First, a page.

Montgomery Ward, after they had filed bankruptcy from what I remember reading in the paper from their ex-employees, the chain told them they would NOT be going out business and that their stay in bankruptcy would be very brief since their sales were very good and they had "big plans". Wards also said nobody would be fired...ever. In short Wards pretty much lied to their employees about everything and when those lies caught up to Wards, the chain was soon defunct.

Of course as you said this isn't retail, hopefully things will work out for Six Flags.

+0
Thursday, June 18, 2009 12:16 AM

Chriscub said:
Wonder what Six Flags told them?

No need to wonder. They made their message to the employees public.

+0
Thursday, June 18, 2009 2:00 AM

Unlike both the Circuit City and Montgomery Ward scenarios, Six Flags is a "viable" business if you strip away the debt. Retailers like Circuit City, Montgomery Ward, Linens 'N Things, Mervyn's, Steve & Barry's, ad infinitum, were businesses that somewhere along the line fell apart based on other factors. By that I mean serious competition was able to outmaneuver them (Best Buy vs. Circuit City, and Bed Bath & Beyond vs. Linens 'N Things) or they got squeezed out of a comfortable niche (Mervyn's lost out to Target on the low end and Macy's on the higher end). Kohl's has done a similar thing to a BUTTLOAD of regional reatailers like Gottchalks, Dawahare's, Boscov's, Goody's, Value City, who couldn't compete on the value that Kohl's can, and couldn't move upscale and keep volume in their smaller markets).

Six Flags isn't in a situation where someone else has, over time come in and cleaned their clock. They are (by definition) regional parks (with Strong if not Dominant) market leadership in almost every market they operate in. Maryland/DC is the one market where I would call them the definite also ran. Los Angeles would be one market they're in that they are not the "leader", but with that I'd say there is enough of a population base in SoCal that the pie can easily be divided up 4 ways (6 if you include Seaworld and Lego Land). Louisville might be up for discussion, with a split between HW and KI.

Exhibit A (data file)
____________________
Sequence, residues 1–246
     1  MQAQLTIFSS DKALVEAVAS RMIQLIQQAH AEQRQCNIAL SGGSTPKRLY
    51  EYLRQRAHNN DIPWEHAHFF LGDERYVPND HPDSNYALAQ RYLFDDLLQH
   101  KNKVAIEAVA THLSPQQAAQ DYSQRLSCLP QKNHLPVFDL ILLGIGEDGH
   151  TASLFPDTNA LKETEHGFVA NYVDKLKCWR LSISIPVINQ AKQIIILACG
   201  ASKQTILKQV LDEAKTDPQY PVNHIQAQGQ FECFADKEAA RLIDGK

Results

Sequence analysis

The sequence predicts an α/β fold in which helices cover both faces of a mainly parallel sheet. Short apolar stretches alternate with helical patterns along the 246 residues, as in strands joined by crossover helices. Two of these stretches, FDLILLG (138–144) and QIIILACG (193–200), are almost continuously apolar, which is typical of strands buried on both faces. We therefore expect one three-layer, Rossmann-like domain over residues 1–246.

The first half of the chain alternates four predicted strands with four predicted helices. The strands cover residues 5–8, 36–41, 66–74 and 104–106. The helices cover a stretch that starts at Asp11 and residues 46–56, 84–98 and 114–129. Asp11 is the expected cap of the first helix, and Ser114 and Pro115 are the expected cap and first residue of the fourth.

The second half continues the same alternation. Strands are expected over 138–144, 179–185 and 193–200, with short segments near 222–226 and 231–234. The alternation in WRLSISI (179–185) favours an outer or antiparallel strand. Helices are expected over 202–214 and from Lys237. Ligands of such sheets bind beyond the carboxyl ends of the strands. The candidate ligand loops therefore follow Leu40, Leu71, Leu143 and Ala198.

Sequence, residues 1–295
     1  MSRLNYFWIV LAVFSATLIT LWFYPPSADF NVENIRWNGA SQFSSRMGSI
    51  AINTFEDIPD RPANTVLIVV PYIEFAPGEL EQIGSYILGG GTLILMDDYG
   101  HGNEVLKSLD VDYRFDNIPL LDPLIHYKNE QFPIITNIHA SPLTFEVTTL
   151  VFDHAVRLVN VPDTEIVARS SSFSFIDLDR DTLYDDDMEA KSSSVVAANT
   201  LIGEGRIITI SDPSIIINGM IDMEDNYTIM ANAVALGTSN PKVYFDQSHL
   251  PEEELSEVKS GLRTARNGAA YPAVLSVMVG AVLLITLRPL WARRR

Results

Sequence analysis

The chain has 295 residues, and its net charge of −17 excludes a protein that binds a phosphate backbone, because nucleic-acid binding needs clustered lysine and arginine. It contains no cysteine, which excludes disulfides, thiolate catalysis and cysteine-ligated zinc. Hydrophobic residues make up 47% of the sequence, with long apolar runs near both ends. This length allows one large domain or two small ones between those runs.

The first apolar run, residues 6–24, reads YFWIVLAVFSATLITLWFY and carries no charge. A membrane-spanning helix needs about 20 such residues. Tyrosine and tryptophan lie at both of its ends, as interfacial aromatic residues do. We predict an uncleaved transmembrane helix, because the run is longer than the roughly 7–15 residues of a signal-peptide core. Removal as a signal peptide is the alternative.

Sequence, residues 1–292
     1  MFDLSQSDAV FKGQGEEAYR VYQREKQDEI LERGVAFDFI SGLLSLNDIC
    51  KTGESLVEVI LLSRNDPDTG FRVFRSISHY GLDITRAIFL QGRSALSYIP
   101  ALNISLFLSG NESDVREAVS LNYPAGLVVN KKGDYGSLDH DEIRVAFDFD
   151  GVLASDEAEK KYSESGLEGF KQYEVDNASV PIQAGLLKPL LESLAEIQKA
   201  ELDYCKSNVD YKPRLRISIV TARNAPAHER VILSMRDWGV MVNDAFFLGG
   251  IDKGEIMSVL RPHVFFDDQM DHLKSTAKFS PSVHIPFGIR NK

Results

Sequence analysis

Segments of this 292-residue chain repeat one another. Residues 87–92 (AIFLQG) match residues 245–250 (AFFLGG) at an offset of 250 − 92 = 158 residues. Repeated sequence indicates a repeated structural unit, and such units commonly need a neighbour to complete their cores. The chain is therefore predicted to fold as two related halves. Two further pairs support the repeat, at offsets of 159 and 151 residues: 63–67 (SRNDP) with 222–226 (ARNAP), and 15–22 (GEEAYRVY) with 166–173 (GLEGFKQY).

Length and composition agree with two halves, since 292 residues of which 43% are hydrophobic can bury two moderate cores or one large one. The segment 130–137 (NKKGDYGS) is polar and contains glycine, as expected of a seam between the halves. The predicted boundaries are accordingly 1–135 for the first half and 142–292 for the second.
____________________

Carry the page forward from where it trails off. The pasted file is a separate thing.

Shorter point: They are still strong businesses (revenue vs. expenses) once you take the debt away ( and that isn't debt needed to fund the payroll, etc, It was acquisition debt, that isn't recurring). China isn't hurting their profitability by making competing imports cheaper, and Americans haven't "stopped going to Amusement Parks" because something newer came along (yet).

As for the employees, again, this is a pure "wipe the debt off the books, were not closing any stores" scenario (at least so far). With that, I think they explain it in just those words, and the employees who are still there at the point of the BK, will most likely still be there afterwards.

(As an afterthought, this really doesn't get into the somewhat flexible and disposable seasonal staffing that can be cut by reducing hours, etc. We're talking full time salaried or "non-seasonal" jobs).

Last edited by CreditWh0re, Thursday, June 18, 2009 2:04 AM
+0
Thursday, June 18, 2009 12:13 PM

Or to rephrase what CreditWh0re said, the parks are worth more to the chain's creditors operating rather than liquidated and sold off piece meal.

+0

You must be logged in to post

POP Forums - ©2018, POP World Media, LLC
Loading...